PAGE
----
“The normal part of the replication cycle of the polio virus, whether it’s a wild polio virus or vaccine strain, can have mutations during the replication cycle, where the sequence within the viral genome may change as it is growing in the gut,” Thorley says.

“What can occur is in areas of lower vaccine coverage, you can get the vaccine virus being shed in the stool [of vaccinated people].

“And then if, through person-to-person contact, it infects someone who’s not immunised, that virus will continue to grow and may accumulate another mutation.

“The vaccine strain can incorporate a number of mutations that then lose its weakened form, and then it can actually cause polio.

“That is what has been described in New York.”

This is partly why successful immunisation programs rely on hitting a base level of vaccine coverage to prevent serious infectious diseases spreading.

On face value, coverage of over 90% vaccination among a national population should be more than enough to prevent the spread.

In Australia, estimates published in Communicable Diseases Intelligence (CDI) suggest around 82 percent of people are immunised against type 1 wild poliovirus. These are “sufficient to prevent outbreaks of this type.”

Other countries have similar levels of immunisation.

But reports suggest that polio has remerged in New York State by spreading among vaccine-resistant communities, where some immunisation rates in these areas could be as low as 37%.

This is where the concept of ‘herd immunity’ takes a hit.

Strong national-level immunisation might mask lower rates in communities

“We estimate polio vaccination coverage to be about 80 to 85% of the Australian population,” says Dr Daryl Cheng, who is the medical lead at the Melbourne Vaccine Education Centre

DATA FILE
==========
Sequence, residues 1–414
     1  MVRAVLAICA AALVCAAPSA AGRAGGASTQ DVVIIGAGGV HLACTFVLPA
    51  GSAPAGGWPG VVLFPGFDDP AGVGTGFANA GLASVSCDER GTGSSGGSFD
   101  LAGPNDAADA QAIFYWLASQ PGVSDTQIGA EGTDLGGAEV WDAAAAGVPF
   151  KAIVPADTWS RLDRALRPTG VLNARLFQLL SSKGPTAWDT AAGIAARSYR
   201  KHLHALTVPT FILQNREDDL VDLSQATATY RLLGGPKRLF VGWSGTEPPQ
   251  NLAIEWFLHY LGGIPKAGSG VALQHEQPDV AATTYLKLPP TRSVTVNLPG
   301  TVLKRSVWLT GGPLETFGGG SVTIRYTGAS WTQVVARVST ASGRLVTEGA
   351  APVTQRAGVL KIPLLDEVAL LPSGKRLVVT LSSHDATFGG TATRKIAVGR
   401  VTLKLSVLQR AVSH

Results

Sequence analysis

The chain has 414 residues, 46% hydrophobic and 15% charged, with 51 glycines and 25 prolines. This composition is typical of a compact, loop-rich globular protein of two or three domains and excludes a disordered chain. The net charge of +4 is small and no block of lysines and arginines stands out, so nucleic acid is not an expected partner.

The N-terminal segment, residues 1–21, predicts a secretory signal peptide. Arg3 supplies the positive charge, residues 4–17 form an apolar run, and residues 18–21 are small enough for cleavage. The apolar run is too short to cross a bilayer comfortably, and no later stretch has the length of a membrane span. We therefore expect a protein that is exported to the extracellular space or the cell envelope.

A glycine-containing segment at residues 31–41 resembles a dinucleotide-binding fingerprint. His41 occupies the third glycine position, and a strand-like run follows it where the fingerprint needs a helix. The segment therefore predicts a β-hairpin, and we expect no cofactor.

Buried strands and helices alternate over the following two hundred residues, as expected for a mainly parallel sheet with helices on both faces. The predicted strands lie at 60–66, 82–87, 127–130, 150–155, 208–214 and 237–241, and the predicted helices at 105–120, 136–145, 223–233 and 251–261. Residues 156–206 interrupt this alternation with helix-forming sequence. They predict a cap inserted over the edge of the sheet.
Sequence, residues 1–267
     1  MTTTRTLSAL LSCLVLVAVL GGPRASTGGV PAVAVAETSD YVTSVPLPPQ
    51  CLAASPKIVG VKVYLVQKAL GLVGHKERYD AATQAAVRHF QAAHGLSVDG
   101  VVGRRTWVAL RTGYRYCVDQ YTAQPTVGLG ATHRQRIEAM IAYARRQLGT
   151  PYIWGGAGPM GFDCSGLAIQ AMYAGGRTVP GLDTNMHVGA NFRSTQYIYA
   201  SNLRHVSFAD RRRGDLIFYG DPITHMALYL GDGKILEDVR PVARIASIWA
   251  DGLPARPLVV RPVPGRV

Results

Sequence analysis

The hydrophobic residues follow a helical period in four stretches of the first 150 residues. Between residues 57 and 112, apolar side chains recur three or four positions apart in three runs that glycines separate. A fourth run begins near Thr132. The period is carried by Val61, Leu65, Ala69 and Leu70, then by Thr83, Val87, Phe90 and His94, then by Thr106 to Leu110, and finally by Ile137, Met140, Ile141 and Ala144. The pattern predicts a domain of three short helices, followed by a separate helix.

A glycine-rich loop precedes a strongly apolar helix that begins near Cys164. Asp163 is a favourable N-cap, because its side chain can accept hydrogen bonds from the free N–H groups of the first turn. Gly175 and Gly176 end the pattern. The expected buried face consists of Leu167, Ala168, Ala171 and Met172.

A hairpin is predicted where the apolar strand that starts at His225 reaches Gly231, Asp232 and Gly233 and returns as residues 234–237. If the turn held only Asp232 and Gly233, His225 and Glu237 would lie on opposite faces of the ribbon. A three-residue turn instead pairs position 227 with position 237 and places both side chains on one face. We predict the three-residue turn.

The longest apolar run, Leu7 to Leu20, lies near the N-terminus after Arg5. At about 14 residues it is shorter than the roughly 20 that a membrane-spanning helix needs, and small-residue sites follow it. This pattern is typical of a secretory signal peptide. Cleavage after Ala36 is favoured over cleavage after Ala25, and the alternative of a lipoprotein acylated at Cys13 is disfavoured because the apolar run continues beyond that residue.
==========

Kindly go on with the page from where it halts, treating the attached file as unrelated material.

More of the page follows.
While polio has not re-emerged in Australia, another infectious disease – diphtheria – has.

How can this happen, when diphtheria vaccination rates among children have been over 90% nationally since 2000?

Some age demographics – in this case, people born before 2000 – might be ‘under-vaccinated’.

Similarly, some geographic areas may have lower rates of vaccination masked by the high national average. This is what parts of New York state are seeing with polio’s return – while a nation’s population may have a strong level of overall immunisation, herd immunity may not necessarily exist in smaller communities.

Earlier his year, two diphtheria cases were reported in children for the first time since 1992 in northern New South Wales. This region has that state’s lowest level of fully immunised people under five years.

Diphtheria immunisation rates in this region are some of the lowest in Australia – around 85% in some pockets.

“The diphtheria rates – or the childhood vaccination rates in general – were below the herd immunity threshold, putting them at risk,” says Cheng.

“If you looked at that population, let’s hypothetically say their coverage was 40%, or 30%, or 60% below the heavy immunity rates – or the calculated herd immunity rate – it would place that population at risk of a specific vaccine preventable disease.”

While no Australian jurisdiction reports childhood vaccination rates as low as the 37 percent levels touted in some parts of New York State, fewer than 4 in 5 children in some areas and age brackets are fully vaccinated.

Cheng says the high level of public discussion around COVID-19 vaccines over the past two years may have resulted in broader reluctance for parents to immunise their children, and that is something health authorities and educators are trying to repair.

“Just because the COVID vaccines are new doesn’t mean the measles vaccine is new, the measles vaccine has been around for many years, the polio vaccine has been around for years and years,” Cheng says.

“People who previously did not question, or would get their kids vaccinated on time, because of the impacts of the discussions around COVID vaccines, have thought twice about bringing their kids to get vaccinated.”

Cosmos, 14 September 2022
; https://cosmosmagazine.com